Hunter-Reay back in hunt

DEREK VAN DIEST, SUN MEDIA

, Last Updated: 5:07 AM ET

Ryan Hunter-Reay is starting to get his groove back.

After an impressive opening to the IndyCar season, things went south in a hurry for the Boca Raton, Florida, native.

He was forced to switch to AJ Foyt's team early on in the year, and had been languishing near the bottom of the series standings since then.

But a seventh-place finish in Toronto on the weekend, has Hunter-Reay optimistic of his chances heading into the Rexall Edmonton Indy taking place July 24-26.

"I'm a big fan of airport races, I think they're great for racing and they're great for the fans," he said. "The fans have a great perspective and they can see so much, more than they could on any other road course. It definitely makes for a great event."

Being the only airport course on the circuit, the Edmonton event also presents unique challenges to the different teams.

Meeting those challenges is the key to a successful weekend.

"Edmonton is just a specific setup because of all the corners at the airport track, and you have a very small window in order to get that setup right," Hunter-Reay said.

"We're going there with what we think will work and we'll go from there. I have an open mind towards it for sure."

This past weekend, the 2007 rookie of the year qualified 14th for the Honda Indy Toronto. He was able to work himself up to seventh, collecting his highest placing since the season-opener in St. Petersburg.

"I was relieved to get a top-10, however, we were running very well and in hindsight we could have had a third or a fourth," Hunter-Reay said. "We didn't need to pit for that last splash of fuel. But I was pretty happy with the way things went. It was a good step forward. We've only been together for a few races and we were competitive all weekend."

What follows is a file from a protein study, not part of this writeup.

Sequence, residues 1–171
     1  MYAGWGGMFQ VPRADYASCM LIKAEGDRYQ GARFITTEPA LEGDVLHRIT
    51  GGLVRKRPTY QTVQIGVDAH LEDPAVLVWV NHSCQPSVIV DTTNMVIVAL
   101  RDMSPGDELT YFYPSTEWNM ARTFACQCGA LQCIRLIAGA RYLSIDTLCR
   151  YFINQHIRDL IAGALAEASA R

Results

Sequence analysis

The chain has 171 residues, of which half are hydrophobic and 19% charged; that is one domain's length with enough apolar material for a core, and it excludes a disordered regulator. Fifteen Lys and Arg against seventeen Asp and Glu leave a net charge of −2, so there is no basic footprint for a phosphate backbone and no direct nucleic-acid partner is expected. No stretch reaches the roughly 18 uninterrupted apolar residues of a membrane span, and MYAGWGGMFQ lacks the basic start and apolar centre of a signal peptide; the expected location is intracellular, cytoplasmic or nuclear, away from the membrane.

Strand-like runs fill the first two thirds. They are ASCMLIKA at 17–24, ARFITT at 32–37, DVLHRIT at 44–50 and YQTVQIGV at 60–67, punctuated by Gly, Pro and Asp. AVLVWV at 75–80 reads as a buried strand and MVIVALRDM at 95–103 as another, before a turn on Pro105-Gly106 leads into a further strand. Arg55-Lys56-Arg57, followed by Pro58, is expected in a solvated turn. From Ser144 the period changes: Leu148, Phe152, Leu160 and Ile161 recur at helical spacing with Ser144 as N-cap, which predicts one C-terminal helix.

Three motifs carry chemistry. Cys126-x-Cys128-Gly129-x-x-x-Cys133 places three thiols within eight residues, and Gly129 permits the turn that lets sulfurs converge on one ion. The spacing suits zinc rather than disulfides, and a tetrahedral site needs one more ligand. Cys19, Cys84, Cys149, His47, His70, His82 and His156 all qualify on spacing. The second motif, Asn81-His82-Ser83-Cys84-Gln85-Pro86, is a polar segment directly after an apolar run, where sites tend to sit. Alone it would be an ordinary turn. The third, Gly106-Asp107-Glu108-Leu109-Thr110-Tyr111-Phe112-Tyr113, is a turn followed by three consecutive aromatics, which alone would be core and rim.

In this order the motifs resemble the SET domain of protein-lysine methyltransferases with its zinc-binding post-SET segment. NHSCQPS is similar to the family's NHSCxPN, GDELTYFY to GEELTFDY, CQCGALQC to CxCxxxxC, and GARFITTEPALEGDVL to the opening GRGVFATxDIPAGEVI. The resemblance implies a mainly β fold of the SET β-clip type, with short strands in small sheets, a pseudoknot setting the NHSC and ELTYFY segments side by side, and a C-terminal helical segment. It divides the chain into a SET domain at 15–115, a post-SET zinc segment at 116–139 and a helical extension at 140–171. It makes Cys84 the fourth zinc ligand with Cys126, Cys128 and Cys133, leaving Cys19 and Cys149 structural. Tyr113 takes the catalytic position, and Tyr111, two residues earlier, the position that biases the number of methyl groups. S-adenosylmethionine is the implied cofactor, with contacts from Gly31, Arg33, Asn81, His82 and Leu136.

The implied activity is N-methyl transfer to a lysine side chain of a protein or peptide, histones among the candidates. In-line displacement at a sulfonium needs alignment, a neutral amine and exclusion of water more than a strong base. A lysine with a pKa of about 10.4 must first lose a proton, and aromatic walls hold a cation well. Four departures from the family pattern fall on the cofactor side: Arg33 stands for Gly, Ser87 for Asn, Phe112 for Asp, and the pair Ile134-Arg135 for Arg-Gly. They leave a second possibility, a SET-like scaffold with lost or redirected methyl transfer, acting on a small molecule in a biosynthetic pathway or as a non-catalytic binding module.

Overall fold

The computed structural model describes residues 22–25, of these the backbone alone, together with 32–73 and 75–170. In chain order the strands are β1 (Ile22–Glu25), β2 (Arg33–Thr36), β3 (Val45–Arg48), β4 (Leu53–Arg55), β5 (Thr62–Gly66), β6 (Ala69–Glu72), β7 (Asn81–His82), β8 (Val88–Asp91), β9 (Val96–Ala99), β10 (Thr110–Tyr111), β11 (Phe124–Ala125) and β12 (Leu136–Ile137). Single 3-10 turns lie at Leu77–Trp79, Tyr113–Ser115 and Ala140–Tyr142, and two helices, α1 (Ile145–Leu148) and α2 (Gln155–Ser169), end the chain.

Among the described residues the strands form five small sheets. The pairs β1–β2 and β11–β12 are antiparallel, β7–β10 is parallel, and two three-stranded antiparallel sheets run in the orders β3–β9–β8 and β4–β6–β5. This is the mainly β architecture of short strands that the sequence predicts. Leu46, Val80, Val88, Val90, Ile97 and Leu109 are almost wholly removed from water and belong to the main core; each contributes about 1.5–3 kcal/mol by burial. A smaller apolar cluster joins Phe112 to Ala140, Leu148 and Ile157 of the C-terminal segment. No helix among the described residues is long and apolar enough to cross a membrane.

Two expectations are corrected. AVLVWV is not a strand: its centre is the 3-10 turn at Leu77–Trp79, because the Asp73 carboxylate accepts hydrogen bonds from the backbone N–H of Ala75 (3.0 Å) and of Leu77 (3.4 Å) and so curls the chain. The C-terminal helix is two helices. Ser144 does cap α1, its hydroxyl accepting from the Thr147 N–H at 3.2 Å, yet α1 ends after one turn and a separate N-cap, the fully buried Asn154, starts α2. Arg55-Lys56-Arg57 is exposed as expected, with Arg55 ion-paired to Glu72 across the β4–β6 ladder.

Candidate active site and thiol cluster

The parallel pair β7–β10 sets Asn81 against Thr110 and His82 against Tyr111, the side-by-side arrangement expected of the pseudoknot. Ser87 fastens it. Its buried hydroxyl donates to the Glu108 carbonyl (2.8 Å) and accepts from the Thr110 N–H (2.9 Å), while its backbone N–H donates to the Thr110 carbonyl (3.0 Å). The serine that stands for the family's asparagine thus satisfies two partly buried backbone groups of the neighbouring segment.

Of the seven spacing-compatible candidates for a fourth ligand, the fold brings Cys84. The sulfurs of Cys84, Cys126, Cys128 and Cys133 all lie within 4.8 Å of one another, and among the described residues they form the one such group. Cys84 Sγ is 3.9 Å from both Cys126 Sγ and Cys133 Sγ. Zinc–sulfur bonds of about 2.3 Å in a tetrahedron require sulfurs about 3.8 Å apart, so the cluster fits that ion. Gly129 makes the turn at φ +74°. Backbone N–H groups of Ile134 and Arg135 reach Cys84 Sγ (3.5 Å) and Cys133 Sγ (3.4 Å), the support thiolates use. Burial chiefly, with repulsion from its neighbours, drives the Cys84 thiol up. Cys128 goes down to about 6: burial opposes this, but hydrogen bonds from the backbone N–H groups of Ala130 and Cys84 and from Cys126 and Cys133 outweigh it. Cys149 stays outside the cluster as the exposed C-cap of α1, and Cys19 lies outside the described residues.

It was the first time Hunter-Reay was able to crack the top-10 since the opening weekend of the season.

"What's nice about Toronto there is a big, long straight where there's at least a passing lane," Hunter-Reay said. "Some of the other circuits that we go to don't have that nice, open passing area. It makes for a better race that way."

At the City Centre airport track in Edmonton, there are also plenty of places to pass.

It's one of the appeals of the event for drivers and spectators alike.

"It's a track that has a lot of different corners," Hunter-Reay said. "It's a track that has fast road-course type corners in the first half. Then in the second half you have bumpy street-course like corners.

"It's got all the combinations that you want."

Having driven in Edmonton on the Champ Car circuit before coming with IndyCar last year, Hunter-Reay is very familiar with the airport course in Edmonton.

A year ago, driving for Rahal Letterman, he finished eighth after qualifying in the 14th position.

"It's very tough," Hunter-Reay said.

"It's just a physical track, it's so bumpy and fast, you definitely need a good night's sleep after Edmonton."

This year, Hunter-Reay will not be in town with Rahal Letterman. Due to a lack of sponsorship, the team decided not to run a full season.

However, he signed a last-minute contract with Vision Racing for the first event of the season in St. Petersburg.

Racing close to home, Hunter-Reay was able to work his way up from the 14th to a second-place finish. It was a race Hunter-Reay felt he could have won, but did not want to risk a tricky pass on Ryan Briscoe for the checkered flag.

"We ran well all weekend and in the end we put up a great fight," Hunter-Reay said.

"I believe I should have won that race. But it was a great start to the season."

DEREK.VANDIEST@SUNMEDIA.CA


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